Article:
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Automated Measures for Assessment of Prosody in Autism

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Assessment of prosody is important for diagnosis and remediation of speech and language disorders, for foreign language instruction, and for diagnosis of neurological conditions, including Autism Spectrum Disorder (ASD). Current assessment methods are largely auditory-perceptual. In this talk, I propose an alternative approach for evaluating focus and lexical stress automatically using speech technology. Speech data were collected from children with ASD and with typical development (TD) who performed three tasks, each designed to elicit a contrast in stress or focus. Our automated analysis of these data combined global spectral, fundamental frequency, and temporal information into a single score. These automatically computed scores were validated against scores both from naïve judges and trained clinicians. We found that these automated measures correlated with the scores produced by the judges better than the clinicians’ scores did and as well as the individual judges correlated with one another. The automatically generated scores also differentiated significantly between the ASD and TD groups but revealed that the acoustic features that predict auditory-perceptual judgment are not the same as those that distinguish the two diagnostic groups.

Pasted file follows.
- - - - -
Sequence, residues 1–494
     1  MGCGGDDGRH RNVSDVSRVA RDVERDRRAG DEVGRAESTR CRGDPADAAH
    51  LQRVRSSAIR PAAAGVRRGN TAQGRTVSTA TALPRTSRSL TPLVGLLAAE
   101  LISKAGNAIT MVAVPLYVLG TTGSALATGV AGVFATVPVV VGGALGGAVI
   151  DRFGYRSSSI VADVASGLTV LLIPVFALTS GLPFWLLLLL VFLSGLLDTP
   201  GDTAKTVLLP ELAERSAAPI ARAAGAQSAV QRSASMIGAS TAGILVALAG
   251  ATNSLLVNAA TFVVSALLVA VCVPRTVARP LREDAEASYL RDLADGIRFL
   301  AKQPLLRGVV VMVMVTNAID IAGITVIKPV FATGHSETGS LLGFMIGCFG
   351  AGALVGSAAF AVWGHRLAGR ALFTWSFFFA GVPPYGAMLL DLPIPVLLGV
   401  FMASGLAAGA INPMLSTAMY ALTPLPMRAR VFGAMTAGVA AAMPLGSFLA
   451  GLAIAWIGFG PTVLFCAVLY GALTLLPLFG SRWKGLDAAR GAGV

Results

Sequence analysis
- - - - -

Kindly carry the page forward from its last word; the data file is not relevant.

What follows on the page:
This talk is part of the King's Occasional Lectures series.

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